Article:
condition. But what happens under that condition is real. So it's
like you've set some rules, parameters to create an eco-system
and then what happens within those rules is that these animals behave?
Exactly, as they will do. That's spontaneous? Exactly. Looking at
the display within that we can relate to our basic emotion, basic
situation that we have previously encountered. Did the her mit crab
take to the sleepy muse very easily? Yes, we did some tests on
different crabs in New York. you winding me up, you did
auditions for hermit crabs? Yeah, this one is a more active one. This
one is more active, that is the one, so we picked that one and he just
went naturally on the shell. I fine these little creatures, the other
ones really quite scary, if you look closely, they have pinsers?
Yes they are arrow crabs, they usually heat the bottom of the sea,
eat the bottom. What do you say, scavenger Yeah, I wondered if they
were the word for the collectors, ska advantage e vepbging around
collecting pieces? They might, I don't want to close that
interpretation. Clearly there is a golden artwork.
Thank you for showing me your aquarium, I feel much calmer now.
It's good to have met you, thanks. I do hope those little crabs will
be OK. But, you know, despite all this
massive ideas and creative energy, you can feel buzzing around at an
event like this, do you occasionally hear the odd gripe
about the lack of skill, and loss of craft. Personally I think this
magnificent contraption is rather brilliantly put together, but for
the doubters among us we continue our series of heritage angel awar,
week Simon Thurley from English Heritage talks to the men and
competing for the craftsmanship category.
This is North Somerset, and a Gothic revival splendor built in
1863 by the wealthy Gibbs family. But, actually, it's not the house
I've come to see, I've come to see something much more modest but in
its way equally impressive. The orangery.
OK, right now the not looking at its best but when this building was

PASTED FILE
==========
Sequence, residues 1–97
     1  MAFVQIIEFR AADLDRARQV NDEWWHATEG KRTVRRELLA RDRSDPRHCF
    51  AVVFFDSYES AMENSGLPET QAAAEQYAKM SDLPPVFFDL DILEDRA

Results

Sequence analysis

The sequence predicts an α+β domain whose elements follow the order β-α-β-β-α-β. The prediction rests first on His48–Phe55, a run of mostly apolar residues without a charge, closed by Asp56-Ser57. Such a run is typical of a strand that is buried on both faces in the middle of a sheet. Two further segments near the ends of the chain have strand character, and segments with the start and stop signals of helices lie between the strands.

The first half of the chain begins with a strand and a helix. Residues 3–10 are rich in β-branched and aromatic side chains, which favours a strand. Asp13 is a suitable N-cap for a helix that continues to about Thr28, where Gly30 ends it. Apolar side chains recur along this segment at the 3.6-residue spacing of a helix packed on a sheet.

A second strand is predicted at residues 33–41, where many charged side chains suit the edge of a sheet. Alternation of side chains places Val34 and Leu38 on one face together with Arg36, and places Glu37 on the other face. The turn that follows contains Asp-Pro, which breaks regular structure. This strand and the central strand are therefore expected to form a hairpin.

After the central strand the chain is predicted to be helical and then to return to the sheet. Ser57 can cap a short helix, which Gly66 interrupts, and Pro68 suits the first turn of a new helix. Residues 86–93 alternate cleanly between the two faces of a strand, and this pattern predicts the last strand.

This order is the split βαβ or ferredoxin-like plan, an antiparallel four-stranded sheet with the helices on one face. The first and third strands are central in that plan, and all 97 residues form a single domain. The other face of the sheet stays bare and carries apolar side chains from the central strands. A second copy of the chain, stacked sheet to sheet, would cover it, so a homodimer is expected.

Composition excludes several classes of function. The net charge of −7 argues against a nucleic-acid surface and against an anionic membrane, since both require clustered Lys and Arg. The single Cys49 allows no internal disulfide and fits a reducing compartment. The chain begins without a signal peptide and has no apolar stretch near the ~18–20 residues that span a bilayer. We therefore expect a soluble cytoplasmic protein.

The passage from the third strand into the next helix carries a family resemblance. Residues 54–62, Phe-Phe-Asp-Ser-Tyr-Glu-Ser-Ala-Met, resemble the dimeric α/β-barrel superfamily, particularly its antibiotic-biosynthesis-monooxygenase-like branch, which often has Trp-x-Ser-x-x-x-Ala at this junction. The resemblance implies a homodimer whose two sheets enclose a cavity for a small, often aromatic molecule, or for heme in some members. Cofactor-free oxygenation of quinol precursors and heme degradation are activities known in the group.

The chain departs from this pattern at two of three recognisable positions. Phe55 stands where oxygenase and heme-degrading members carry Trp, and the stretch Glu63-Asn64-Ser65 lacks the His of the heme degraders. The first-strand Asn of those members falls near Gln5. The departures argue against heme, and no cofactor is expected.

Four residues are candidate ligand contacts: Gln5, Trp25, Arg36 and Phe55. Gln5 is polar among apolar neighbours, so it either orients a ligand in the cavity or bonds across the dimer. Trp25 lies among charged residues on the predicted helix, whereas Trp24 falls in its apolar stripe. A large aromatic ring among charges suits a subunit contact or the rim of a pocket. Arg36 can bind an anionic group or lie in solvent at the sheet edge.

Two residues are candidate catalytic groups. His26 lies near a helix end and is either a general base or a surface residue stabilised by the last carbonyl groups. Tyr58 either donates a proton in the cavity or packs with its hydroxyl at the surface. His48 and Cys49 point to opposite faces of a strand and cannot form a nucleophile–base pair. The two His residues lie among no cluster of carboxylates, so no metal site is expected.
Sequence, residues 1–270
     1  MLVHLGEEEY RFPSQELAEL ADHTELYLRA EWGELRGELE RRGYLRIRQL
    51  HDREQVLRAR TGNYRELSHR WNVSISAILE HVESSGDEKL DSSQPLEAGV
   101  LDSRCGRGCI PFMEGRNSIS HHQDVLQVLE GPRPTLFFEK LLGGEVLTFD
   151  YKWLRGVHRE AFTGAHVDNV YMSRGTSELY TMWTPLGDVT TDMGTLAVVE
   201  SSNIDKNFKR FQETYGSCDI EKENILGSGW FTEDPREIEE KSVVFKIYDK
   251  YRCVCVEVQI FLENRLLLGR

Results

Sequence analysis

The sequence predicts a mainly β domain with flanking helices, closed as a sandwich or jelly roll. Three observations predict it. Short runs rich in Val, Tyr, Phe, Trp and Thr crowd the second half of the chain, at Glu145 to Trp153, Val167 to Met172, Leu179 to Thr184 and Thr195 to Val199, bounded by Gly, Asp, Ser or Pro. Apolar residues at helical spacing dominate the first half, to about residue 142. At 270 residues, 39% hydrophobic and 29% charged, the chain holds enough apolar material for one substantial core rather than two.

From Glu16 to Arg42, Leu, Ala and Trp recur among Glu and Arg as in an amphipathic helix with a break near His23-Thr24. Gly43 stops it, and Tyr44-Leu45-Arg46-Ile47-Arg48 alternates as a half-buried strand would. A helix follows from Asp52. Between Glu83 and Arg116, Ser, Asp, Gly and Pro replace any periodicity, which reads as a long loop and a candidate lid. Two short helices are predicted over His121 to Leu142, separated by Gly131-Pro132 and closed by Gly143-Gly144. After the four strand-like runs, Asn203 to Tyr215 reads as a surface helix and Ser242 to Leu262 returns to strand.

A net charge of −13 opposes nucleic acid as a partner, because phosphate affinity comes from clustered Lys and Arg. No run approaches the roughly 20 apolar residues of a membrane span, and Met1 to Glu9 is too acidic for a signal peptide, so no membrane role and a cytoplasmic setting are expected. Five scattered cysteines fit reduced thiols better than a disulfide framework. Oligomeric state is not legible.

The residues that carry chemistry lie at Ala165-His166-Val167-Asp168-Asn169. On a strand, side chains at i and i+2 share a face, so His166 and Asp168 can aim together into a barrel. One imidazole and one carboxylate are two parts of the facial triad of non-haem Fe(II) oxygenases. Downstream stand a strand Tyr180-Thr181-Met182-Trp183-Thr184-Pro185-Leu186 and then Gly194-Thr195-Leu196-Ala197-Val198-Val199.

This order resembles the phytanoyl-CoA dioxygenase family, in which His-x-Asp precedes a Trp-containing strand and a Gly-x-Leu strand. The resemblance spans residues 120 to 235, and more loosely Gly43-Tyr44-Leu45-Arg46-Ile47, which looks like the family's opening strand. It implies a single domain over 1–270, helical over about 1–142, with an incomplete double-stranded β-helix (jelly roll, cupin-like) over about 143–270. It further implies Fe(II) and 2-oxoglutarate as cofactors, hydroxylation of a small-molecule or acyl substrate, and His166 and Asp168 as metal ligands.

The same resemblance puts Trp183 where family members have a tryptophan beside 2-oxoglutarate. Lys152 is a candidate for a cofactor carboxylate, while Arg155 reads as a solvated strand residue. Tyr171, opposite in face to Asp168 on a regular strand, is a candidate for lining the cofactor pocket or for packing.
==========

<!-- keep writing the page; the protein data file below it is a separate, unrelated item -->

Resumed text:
completed in the late 1890s it was the glittering centrepiece of this
beautiful kitchen garden. When I first came here in 2003, it was
catastrophic. But as you can see, it's now covered in scaffolding and
very soon repair works will be complete and it will be restored to
its former glory. The orangery was built in 1897 to
house exotic plants and fruit. It was part of a huge walled garden
which needed an army of gardeners to maintain it.
Today an army of stone masons as well as gardeners are hard at work
restoring this unique building. The National Trust has initiated a
pioneering training proproject with any more bus innovation and young
City of Bath students. Presumably you find it inspiring working on
it? Definitely. It's the most amazing building I've ever been
allowed to get involved on. You've been doing some huge new bits, that
looks to me like it's entirely new? Yes, that's completely new and a
few like that. I can't take credit for that, I'm afraid. But one of
your colleagues can? Yeah, some Carvers. Immaculate. These are the
These are the basic hand tools. visitors get a chance to play a
part in this great restoration drama. As someone who's always been
involved in old buildings but doesn't often get his hands dirty I
can't resist having a go myself. It's not as easy as it looks.
apparently not. Master mason Mark Sparrow has been involved in the
restoration of the orangery from the beginning. What was it like
when you first came here? Absolutely frightening. The first
time I got up on the scaffolding, I didn't know where to start. The
North elevation was gone, there was nothing there for us to work with.
We literally had to go back to basics. Do you think it will
actually get back to its original state? Absolutely, absolutely. It's
really, really well thought out. Once it's water tight it will be
fantastic. What will you feel like on the day when you walk in here
with all the citrus fruits in blossom? Probably the proudest man
in the world I think, along with all my colleagues involved in this,
we're very, very proud of it. Another set of unique craft skills
came into the play in the restoration of the second building
competing in the craftsmanship category.
The 16th century Smyth barn in Kent was built by Elizabeth I collector
of taxes, Thomas Smyth. Thomas Smyth was a giant of a man